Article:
Perl 1 - 5Edit
The Perl programming language was created by Larry Wall, a linguist and a computer systems administrator for NASA in 1987. Perl is a dynamic programming language which for much of its history was considered to be a "scripting language" or a command-line administration tool. However, as of version 5 of the language, Perl has been considered to be a powerful and useful general-purpose programming language that is consistently popular among web developers, system administrators and hobbyist programmers.
The Perl programming language was developed as an open-source free-software project, and has gradually expanded until the release of Version 5, the current state-of-the-art in Perl. Through all these developments, Perl has remained backwards compatible with previous versions. The Perl 5 interpreter can read, understand and execute (for the most part) programs that were written in Perl 1, Perl 2, Perl 3 and Perl 4. Unfortunately this made a mess of the internals of the Perl 5 interpreter and made many programming tasks harder then they need to be.
Another tripping point was the Perl 5 language specification; it wasn't a specification at all. The Perl interpreter itself was the standard, and whatever behavior the interpreter had was considered to be the "standard" behavior. The only way to duplicate all the strange and idiosyncratic behavior of the Perl language was to use that standard software only.
The time was ripe for a rewrite of the Perl language from the ground up. Backwards compatibility would be forfeited so that many fundamental problems with the language could finally be resolved and many necessary new features could be added. The new version would be called Perl 6, and would be completely different from Perl 5 but at the same time would unmistakably be the same language. Unlike Perl 5, which developed organically over time and was completely idiosyncratic, Perl 6 would start out as a set of specifications first, and would be instantiated in multiple separate and equal implementations.
Perl 6 started with a long period of community involvement and an RFC process. Community members were asked to contribute ideas and suggestions for the new language. Larry went through the suggestions, saved the good ones, removed the bad ones, and tried to bring everything together in a unified way. Perl 5 had been criticized for being "hacky" and inconsistent, so Perl 6 should avoid that from the very beginning. Once all the suggestions were tabulated and discussed, Larry released a series of design documents known as the Apocalypses. Each Apocalypse was numbered to roughly correspond with a chapter in the book "Programming Perl" and were meant to be a revelation of the concepts and trade-offs that were being considered in the design of Perl 6. From these documents (which were short on specifics), Damian Conway produced a corresponding series of explanatory documents called Exegeses. While an Apocalypse revealed some of the design, an Exegesis explained what that meant to the everyday programmer in terms of the code that would be written. Later, as the design matured, design specifications called the Synopses were created to synthesize and document the design of Perl 6. The Synopses currently stand as the official design documents for the Perl 6 language.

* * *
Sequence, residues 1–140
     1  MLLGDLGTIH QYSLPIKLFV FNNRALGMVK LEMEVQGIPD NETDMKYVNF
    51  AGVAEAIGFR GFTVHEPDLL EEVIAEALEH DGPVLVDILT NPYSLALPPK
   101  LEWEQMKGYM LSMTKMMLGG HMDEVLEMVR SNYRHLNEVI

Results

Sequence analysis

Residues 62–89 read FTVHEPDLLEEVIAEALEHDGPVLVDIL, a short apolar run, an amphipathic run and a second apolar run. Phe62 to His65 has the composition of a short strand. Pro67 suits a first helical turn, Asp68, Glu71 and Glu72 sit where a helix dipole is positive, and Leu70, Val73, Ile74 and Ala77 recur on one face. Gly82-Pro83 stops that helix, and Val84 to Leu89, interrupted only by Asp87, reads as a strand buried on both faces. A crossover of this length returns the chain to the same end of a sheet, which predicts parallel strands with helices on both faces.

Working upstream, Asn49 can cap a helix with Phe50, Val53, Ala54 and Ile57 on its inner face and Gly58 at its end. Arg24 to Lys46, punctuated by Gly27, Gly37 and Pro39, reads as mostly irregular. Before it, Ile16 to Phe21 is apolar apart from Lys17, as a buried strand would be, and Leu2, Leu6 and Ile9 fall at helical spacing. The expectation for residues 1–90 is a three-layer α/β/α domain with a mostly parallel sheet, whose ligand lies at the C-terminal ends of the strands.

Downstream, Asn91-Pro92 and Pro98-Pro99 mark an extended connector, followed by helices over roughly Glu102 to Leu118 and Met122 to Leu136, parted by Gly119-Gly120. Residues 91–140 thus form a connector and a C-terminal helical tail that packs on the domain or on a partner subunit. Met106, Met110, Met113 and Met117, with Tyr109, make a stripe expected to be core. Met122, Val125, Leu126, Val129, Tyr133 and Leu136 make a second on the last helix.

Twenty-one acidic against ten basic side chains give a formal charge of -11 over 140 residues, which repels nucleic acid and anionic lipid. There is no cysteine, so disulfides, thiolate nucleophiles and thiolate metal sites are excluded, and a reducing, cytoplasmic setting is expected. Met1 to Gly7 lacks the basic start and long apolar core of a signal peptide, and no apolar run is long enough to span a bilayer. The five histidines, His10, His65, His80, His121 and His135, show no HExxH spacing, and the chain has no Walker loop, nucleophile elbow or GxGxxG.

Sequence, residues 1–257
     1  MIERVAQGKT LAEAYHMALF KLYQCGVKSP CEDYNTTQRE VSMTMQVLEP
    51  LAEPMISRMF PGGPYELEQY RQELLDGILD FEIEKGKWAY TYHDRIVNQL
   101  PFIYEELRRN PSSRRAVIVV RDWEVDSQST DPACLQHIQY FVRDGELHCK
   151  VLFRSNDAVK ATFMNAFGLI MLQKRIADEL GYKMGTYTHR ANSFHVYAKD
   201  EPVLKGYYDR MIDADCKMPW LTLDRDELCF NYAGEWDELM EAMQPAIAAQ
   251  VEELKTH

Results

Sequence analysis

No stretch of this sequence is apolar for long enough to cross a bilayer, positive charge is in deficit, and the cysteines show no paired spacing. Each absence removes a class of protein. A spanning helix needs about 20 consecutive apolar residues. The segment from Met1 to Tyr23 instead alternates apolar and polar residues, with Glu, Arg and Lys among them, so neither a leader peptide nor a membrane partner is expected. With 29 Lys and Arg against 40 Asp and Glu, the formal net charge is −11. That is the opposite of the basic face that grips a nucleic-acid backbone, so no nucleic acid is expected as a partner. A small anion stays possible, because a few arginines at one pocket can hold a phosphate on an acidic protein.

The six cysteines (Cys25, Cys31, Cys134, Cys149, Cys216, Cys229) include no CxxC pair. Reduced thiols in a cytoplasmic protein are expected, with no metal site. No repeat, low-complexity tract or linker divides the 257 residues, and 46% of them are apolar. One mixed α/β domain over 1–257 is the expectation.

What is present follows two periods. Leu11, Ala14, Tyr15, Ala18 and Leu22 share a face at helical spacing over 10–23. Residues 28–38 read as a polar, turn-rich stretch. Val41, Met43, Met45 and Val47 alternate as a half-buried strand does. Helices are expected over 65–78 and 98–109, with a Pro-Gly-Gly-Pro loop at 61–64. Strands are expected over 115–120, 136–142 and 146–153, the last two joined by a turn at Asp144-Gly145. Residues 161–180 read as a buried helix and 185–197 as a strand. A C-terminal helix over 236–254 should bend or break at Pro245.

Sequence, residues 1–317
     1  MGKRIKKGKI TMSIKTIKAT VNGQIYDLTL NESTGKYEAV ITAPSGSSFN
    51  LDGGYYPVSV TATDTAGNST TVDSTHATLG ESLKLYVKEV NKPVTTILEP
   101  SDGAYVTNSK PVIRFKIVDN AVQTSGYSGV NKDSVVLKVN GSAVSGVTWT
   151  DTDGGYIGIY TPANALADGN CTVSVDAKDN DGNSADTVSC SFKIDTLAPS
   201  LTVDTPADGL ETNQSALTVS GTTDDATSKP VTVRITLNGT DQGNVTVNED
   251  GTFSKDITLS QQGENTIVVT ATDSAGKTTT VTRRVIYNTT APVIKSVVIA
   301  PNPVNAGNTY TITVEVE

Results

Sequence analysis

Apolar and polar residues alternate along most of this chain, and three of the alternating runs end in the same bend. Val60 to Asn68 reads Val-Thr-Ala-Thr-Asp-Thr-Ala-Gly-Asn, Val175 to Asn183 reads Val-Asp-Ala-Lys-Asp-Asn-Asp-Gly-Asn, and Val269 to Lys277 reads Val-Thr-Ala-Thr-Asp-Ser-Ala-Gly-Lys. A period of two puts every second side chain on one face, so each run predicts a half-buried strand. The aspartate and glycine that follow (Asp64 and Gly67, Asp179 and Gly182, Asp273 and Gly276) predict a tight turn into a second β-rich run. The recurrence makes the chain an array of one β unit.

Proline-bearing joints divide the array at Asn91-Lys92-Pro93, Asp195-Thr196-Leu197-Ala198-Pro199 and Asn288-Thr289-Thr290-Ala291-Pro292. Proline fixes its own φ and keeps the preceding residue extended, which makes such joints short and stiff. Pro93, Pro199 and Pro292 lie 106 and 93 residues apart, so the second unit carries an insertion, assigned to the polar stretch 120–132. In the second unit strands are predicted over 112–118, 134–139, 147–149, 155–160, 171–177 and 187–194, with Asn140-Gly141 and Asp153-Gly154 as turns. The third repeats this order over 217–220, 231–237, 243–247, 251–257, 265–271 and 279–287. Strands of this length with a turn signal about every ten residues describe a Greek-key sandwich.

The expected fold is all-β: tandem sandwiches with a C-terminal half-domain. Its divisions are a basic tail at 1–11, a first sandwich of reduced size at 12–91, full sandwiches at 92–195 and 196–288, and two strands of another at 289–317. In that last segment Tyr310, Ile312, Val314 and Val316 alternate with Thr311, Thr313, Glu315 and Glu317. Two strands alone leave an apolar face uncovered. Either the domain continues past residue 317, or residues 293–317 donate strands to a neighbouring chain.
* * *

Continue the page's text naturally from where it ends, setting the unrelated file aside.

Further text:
Perl has always been a flexible and capable programming language. One of the most important mantras of the Perl team is There Is More than One Way To Do It (TIMTOWTDI). Perl 6 is a very flexible language that combines a number of different programming paradigms to support various programmers and varying programming tasks. Because of this TIMTOWTDI philosophy, Perl 6 is a very big programming language with lots of different features and capabilities.
Another way to say this is that Perl gives you plenty of rope, but you have to be careful not to trip yourself with it. There are lots of big ideas floating around in Perl 6, but not all of them are going to be useful for all programming tasks. Also, there are plenty of things that are possible in Perl 6 that might not be considered "best practices" by the programming community at large. It's important to learn not just how to write certain things in Perl 6, but when to write things in certain ways. Without that knowledge, programs could easily descend into meaningless unreadable gibberish.
Throughout this book we'll try to show you some best practices and try to talk about where each feature is and is not useful.